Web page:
Eve of Palm Sunday 2023 – “Relaxed” Communion” The Tale of Two Donkeys

Do you know what it means to meditate? Have you tried it yet? Has someone tried teaching you? Now, the first thing that comes to  mind when you hear “meditation” is probably… BORING. Sitting quietly and thinking about nothing is not easy. But you know, there is a different way to do it, to pray using your imagination, which still counts as meditation, but it is a little more engaging or even fun (to some!) In this Christian approach, you are basically watching a movie in your head that recreates any story from the Bible. That’s right – you close your eyes, and frame by frame, imagine everything that you’ve just read. The best part is that you choose which character of the story you get to be – ANY character, even the animals. In fact, that’s exactly what poets and writers often do when they write. Have a look at the poem I printed on the first page of our leaflet:

“The Poet Thinks about the Donkey” by Mary Oliver (2006)

On the outskirts of Jerusalem

the donkey waited.

Not especially brave, or filled with understanding,

he stood and waited.

How horses, turned out into the meadow,

   leap with delight!

How doves, released from their cages,

   clatter away, splashed with sunlight.

But the donkey, tied to a tree as usual, waited.

Then he let himself be led away.

Then he let the stranger mount.

Never had he seen such crowds!

And I wonder if he at all imagined what was to happen.

Still, he was what he had always been: small, dark, obedient.

I hope, finally, he felt brave.

I hope, finally, he loved the man who rode so lightly upon him,

as he lifted one dusty hoof and stepped, as he had to, forward.

Here, Mary Oliver imagined what it was like to see the events of the day when Jesus came to Jerusalem, and people waved palm branches, through the little donkey’s eyes. To her, he wasn’t a random animal, but he had a mind and personality, he was worth putting ourselves into his shoes; though he wasn’t especially great or good-looking, probably not particularly well-groomed either! “Small, dark, obedient” – how he wished to be free from his daily work, capable of wonderful flight, ready for an adventure. Instead, what described his life was just endless waiting and work, waiting and work. Just as we all have our worth and uniqueness, even though our lives are nothing special, waiting and work. Which on this day, for this donkey, meant carrying on his narrow, dark back a very special person. Yes, Jesus was special because he is said to also have carried A LOT upon his own back – all the sadness, tragedy, and wrongness of the whole world, and to take it away from us. 

Was he brave? Wait, am I talking about the donkey or Jesus? In either case, probably not. Yet both of them allowed themselves to be led away to do what needed to be done. Did either of them “imagine what would happen”, as in the words of the poem? Probably not fully; as none of us can usually imagine exactly what it would feel like to go through difficult times, pain, sadness, or loss until all this actually comes. But, bravely, they moved forward through the noise of the crowd, for now cheering but soon to be mocking and bullying, one dusty foot… I mean, hoof… after the other, without turning back, running away, kicking, biting, or standing still as we all…  I mean, as all donkeys… might sometimes do.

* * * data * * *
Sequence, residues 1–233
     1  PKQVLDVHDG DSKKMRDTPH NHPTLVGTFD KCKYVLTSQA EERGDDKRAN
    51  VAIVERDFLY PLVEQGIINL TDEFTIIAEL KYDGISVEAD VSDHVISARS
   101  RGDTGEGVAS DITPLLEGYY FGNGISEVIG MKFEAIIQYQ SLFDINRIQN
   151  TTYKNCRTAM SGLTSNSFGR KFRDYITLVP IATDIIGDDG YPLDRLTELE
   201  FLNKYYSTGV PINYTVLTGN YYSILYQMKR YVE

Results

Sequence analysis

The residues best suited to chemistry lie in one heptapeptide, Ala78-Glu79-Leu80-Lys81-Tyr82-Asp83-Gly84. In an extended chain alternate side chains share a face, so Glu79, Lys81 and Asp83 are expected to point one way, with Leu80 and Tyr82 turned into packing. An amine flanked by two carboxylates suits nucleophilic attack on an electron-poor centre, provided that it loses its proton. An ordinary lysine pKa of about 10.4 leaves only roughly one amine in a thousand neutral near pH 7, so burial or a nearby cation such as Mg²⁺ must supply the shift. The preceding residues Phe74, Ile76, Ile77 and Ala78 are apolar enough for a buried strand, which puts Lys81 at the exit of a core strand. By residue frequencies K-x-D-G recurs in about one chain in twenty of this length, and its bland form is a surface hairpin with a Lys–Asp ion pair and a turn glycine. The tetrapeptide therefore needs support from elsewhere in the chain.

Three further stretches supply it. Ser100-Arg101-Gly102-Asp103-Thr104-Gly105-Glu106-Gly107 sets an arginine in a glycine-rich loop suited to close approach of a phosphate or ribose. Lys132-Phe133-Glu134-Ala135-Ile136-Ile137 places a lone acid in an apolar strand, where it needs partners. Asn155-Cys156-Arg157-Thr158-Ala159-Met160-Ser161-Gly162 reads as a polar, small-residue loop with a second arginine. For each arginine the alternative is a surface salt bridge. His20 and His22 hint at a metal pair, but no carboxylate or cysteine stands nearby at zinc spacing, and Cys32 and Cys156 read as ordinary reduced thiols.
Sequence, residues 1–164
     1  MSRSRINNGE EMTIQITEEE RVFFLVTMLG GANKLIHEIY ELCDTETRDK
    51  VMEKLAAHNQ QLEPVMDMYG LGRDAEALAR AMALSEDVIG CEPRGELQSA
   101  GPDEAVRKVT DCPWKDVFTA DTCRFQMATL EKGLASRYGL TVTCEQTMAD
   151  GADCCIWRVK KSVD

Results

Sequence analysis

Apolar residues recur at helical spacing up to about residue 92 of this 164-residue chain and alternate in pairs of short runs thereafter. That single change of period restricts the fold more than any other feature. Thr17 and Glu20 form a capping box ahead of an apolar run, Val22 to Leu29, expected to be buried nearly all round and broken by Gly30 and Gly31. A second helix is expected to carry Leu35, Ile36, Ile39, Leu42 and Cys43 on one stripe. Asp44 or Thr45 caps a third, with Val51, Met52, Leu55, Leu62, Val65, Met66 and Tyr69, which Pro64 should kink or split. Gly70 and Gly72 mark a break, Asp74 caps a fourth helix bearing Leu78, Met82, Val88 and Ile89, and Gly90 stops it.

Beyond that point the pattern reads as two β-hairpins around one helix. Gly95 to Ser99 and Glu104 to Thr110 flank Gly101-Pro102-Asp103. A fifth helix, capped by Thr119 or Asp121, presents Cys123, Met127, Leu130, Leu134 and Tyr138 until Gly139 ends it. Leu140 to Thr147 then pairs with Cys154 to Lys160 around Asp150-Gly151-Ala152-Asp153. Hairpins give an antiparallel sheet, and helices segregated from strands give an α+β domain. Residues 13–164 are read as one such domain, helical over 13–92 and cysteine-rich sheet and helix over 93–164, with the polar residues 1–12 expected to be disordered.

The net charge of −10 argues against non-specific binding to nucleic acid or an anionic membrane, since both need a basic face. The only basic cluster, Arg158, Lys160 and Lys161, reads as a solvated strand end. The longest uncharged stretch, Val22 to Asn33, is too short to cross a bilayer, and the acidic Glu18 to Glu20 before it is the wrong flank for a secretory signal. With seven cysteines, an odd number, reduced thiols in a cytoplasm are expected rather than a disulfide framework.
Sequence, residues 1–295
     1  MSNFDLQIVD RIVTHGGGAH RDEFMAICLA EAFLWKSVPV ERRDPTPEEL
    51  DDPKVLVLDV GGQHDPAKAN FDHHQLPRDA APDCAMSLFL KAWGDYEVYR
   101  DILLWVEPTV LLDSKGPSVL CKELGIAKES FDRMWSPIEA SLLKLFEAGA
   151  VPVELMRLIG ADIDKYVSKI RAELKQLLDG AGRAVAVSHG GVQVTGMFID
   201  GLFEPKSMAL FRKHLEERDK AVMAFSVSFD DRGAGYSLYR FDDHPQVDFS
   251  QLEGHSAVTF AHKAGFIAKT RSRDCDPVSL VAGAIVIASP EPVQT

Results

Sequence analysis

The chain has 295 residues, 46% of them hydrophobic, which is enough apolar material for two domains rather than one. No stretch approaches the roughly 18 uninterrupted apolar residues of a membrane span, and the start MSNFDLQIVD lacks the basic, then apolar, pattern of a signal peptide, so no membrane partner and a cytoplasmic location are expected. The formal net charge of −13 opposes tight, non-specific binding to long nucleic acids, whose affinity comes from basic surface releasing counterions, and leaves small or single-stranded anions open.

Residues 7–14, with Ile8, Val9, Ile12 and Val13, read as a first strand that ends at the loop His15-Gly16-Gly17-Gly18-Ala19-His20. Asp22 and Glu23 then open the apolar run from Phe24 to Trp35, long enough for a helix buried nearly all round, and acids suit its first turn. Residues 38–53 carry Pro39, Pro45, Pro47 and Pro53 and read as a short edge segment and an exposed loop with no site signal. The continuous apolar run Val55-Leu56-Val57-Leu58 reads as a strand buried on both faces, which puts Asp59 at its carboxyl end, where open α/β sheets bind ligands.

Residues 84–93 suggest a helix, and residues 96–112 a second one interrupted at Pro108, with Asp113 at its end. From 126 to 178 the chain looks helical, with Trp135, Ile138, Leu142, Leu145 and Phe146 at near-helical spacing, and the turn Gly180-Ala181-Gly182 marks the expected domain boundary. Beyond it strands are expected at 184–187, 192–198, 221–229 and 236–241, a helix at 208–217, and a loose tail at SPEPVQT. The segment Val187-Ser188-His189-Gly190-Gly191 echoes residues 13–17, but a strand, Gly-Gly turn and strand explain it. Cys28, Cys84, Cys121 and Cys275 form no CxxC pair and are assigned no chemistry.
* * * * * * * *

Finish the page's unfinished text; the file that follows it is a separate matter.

Where does this poem find you – what’s going on in your lives? What does it mean to be brave in the face of whatever is happening? What is better: wild but aimless freedom, or captured yet purposeful obedience? Who is that donkey in the Palm Sunday story: just an animal, or Jesus, or ourselves? The beauty of our sacred stories and traditions is rooted in this ambiguity; in the richness of multi-layered meaning. And faith gives us so much more than duty. Because even if we are not at liberty to do things as we wish, to live our lives and behave in ways that might seem easier, at the end of the day, the freedom to do so out of love and courage, rather than grudging defiance that looks for every opportunity to rebel, is still ours. 

PS: There is another poem that tells of Jesus’ entry into Jerusalem from the perspective of a donkey, by GK Chesterton:

“The Donkey” (1900)

When fishes flew and forests walked

   And figs grew upon thorn,

Some moment when the moon was blood

   Then surely I was born.

With monstrous head and sickening cry

   And ears like errant wings,

The devil’s walking parody

   On all four-footed things.

The tattered outlaw of the earth,

   Of ancient crooked will;

Starve, scourge, deride me: I am dumb,

   I keep my secret still.

Fools! For I also had my hour;

   One far fierce hour and sweet:

There was a shout about my ears,

   And palms before my feet.

In this, we find a very different creature – one who epitomizes self-centeredness and thereby, serves as an antithesis to Christ. This unyielding focus on self first fills him with irrational self-loathing at being ugly and having floppy ears, and conviction that something was wrong with the whole world at the hour of his birth that caused him to be like this. Then, by the end of the poem, he becomes deluded in attributing the cheers of the crowd to be directed at him, as praise for something special he has done. I think this animal has a lot to teach us about our tendencies to blame what is wrong with our lives on God and others, and see our perceived moments of greatness as our own achievements. This logic does not have the potential to carry us through the most difficult of times; but shifting the focus away from self – if only for a moment – surprisingly, does. 

Leave a Reply

Fill in your details below or click an icon to log in:

WordPress.com Logo

You are commenting using your WordPress.com account. Log Out /  Change )

Facebook photo

You are commenting using your Facebook account. Log Out /  Change )

Connecting to %s

%d bloggers like this: